Does Netflix Still Dream of Downloads?


Niall sent me links to couple of very interesting job postings on Netflix’s job board. They are here, here and here, and both make me wonder about DVD-by-Mail company’s plans. I get a sneaky feeling that it could be building out a service that can rival Vongo, Movielink and CinemaNow, that can be distributed via set-top devices like TiVo and Akimbo. The company had teamed up with TiVo, and promised to deliver a service by 2005. In October 2005, Netflix postponed its Internet-based download service plans. The Netflix-Tivo deal was possibly on the rocks as well.

So what now? Could it be that the deal is not dead, and download service plans are still in tact? What do you make of these job requirements?

  • Design and development of System, Networking, and Audio/Video software for a Consumer Electronics Product.
  • Developing creative end-user applications.
  • Interfacing with middleware and device driver components within a Linux-based environment.

Or could it be that Netflix is working on hardware. Anyone have any theories on this? Does anyone else think that Akimbo is a good candidate for acqusition, especially for some like Netflix, or Apple (though Steve Jobs doesn’t believe in buying, only in selling!)


Rick Hanley

You have to pay real big to play in streaming/download. Big, big companies and the studios themselves already are working the streaming and download space. Why would you think Netflix is going to get in? Hastings lied about 2005 – do you really think that he did not know that he could not get the rights until 2005 was almost over?. He takes $1,000,000 off the table every month. He will say anything to keep the share price up as long as possible.

Physical delivery in the rental model was a necessity at one time so it was a good window. If a person wanted to see a movie after the theatrical run was over, they had to buy or rent. This is no longer as true and will, over the next few years, become less and less true. The problem for the renters is that the streaming/download space is not their way out. The big guys and the studios already have it nailed.

By the way, Netflix is going to have it handed to them in the class action settlement hearing on February 22. They had the misfortune of being one too many to try the trick they tried. Whether you believe in the case or not, it is happening, and the timing could not be worse. If you read the source documents, you can’t believe how Netflix has been trapped. Ironically, when they put $4,000,000 on their books as the cost of the settlement, when it had been marketed to the class and to the judge as worth $85.5 million, they set themselves up. If you read all the source documents, you will feel ill if you’re a big fan of Netflix. Once the FTC stepped up and said the settlement was a farce, in support of the very strong attornies now representing the plaintiff who has objected to the settlement, it was bad for Netflix. They are going to have to pay much more than $4,000,000.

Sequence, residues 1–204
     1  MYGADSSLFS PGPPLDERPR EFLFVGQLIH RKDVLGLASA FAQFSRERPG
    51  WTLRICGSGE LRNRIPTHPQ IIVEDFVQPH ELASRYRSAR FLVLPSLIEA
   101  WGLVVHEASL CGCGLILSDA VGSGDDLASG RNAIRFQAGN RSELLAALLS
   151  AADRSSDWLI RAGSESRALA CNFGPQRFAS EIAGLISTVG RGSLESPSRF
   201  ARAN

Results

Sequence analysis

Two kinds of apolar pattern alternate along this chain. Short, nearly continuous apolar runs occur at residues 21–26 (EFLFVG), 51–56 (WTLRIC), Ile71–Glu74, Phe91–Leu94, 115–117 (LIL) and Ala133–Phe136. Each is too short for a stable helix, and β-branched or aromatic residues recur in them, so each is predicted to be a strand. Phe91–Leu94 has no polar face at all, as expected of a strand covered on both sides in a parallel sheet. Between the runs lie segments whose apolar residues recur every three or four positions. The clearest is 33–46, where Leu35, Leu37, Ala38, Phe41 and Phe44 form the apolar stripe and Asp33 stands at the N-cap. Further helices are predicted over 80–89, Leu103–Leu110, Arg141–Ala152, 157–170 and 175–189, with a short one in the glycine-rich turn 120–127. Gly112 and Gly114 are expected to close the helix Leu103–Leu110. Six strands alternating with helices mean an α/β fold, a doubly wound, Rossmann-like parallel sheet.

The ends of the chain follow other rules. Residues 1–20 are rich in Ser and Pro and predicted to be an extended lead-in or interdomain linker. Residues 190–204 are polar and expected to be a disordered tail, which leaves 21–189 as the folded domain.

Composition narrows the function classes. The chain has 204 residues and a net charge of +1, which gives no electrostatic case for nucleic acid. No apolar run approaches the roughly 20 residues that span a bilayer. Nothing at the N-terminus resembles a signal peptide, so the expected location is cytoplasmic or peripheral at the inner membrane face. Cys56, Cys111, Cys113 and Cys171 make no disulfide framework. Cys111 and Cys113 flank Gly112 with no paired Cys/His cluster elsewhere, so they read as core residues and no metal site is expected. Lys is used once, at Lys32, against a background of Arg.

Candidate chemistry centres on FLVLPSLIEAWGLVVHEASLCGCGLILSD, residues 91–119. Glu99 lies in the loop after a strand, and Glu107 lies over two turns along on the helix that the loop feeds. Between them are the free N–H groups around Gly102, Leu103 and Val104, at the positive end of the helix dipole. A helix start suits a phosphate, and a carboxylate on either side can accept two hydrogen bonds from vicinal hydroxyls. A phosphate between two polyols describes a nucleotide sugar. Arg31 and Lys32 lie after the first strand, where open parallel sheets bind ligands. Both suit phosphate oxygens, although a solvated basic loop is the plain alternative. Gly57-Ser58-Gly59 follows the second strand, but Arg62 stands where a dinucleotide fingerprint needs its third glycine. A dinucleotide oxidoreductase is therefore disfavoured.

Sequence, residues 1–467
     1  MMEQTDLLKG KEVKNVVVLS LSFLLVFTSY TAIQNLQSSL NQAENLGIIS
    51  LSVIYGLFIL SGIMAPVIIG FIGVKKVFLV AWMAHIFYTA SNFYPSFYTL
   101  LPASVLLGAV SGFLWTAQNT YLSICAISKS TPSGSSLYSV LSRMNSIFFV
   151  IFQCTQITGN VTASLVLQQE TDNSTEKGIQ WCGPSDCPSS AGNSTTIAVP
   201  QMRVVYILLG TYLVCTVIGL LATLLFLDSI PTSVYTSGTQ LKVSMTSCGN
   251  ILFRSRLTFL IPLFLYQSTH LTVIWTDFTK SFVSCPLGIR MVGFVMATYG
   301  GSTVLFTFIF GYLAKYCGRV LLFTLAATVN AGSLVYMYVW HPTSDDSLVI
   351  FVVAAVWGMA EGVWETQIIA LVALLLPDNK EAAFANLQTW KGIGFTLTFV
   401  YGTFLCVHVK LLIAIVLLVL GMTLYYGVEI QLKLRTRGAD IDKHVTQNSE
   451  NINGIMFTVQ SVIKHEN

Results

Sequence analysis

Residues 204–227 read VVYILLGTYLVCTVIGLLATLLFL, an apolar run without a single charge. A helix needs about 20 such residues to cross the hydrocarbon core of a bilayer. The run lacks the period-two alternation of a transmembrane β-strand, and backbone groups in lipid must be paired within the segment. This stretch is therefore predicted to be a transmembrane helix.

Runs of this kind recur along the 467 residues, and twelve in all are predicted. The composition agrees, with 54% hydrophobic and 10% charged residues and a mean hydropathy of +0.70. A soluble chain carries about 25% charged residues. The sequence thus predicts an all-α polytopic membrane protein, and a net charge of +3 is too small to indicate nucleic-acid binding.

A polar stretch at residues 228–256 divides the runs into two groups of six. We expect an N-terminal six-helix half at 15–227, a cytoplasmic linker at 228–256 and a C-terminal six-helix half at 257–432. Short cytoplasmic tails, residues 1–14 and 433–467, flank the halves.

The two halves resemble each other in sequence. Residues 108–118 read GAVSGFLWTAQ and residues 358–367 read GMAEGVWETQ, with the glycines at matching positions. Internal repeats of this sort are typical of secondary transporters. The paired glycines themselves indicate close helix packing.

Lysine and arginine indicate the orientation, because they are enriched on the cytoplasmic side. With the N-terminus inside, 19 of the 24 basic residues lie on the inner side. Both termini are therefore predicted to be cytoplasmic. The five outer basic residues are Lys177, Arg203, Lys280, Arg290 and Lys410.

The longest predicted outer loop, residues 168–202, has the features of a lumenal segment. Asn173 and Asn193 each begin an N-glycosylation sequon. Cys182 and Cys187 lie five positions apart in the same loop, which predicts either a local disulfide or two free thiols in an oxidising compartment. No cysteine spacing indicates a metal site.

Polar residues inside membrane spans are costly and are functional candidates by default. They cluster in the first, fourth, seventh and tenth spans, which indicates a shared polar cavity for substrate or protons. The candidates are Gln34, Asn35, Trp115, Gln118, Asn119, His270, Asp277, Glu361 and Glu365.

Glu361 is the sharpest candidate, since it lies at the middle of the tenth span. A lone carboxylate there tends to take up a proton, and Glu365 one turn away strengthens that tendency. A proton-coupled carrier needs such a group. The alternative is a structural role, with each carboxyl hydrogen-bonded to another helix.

Did you know that Technology Crossover Ventures, who helped take Netflix through their IPO, sold 2,000,000 shares on 1/27/06? That’s about half their position.


According to a Tivo spokesperson at CES 2005, that Tivo had the technology working but Netflix never had permissions from the studios to distribute movies via download.

Rob Poitras

I think just the cost of physically shipping it isn’t cheap with pulling, prepping, stuffing then paying to send it. Then pay a person to open the package and scan it then put it back in its place. Plus all of the shipment houses around the country and managing all the inventory at each location can’t be easy to make sure people get the dvd’s fast.

Jesse Kopelman

Is the USPS a mess or is that just a common misconception. Now everyone agrees that the Postal System is poorly mannaged from a business standpoint, but I beleive their metrics for delivery are actually very good. I’m not sure any money could be saved by going Internet. On the other hand, the enhanced user experience may lead to higher user uptake or even justify a rate increase by NetFlix. So, going Internet may make good economic sense even if it doesn’t save money.

Rob Poitras

Well everyone knows the postal service is a mess. The cost of lost, broken, and stolen DVDs has to be really high. Broadband would totally eliminate all of that and it has to be appealing to Netflix.

Daniel Spisak

I disagree, these job requirements sound like someone intended to make software to add DRM to Tivo for a Netflix based net delivery service to the devices.

Jesse Kopelman

I think the big question boils down to economics. At what point is it cheaper to deliver over the Internet than it is through the USPS. A bittorrent-style distribution method would help, but that would require special deals with content providers, or a very complex software solution to insure that the number of user-end copies corresponds exactly to a number of DVDs purchased by NetFlix. Either way, it seems you need a set-top box. If this were a single function device (i.e. NetFlix player only), that is a hard sell. At the very least I think you need DVR functionality and that is why a hookup with TiVo made a lot of sense.


Among certain circles it is widely known that Netflix has built a set top box and is working on cutting deals with bandwidth providers. The larger questions are not whether they will build a box but if they should and how do they intend to get access to the content. Does it really makes sense for a consumer to need another set top box just to order movies from a specific content aggregator

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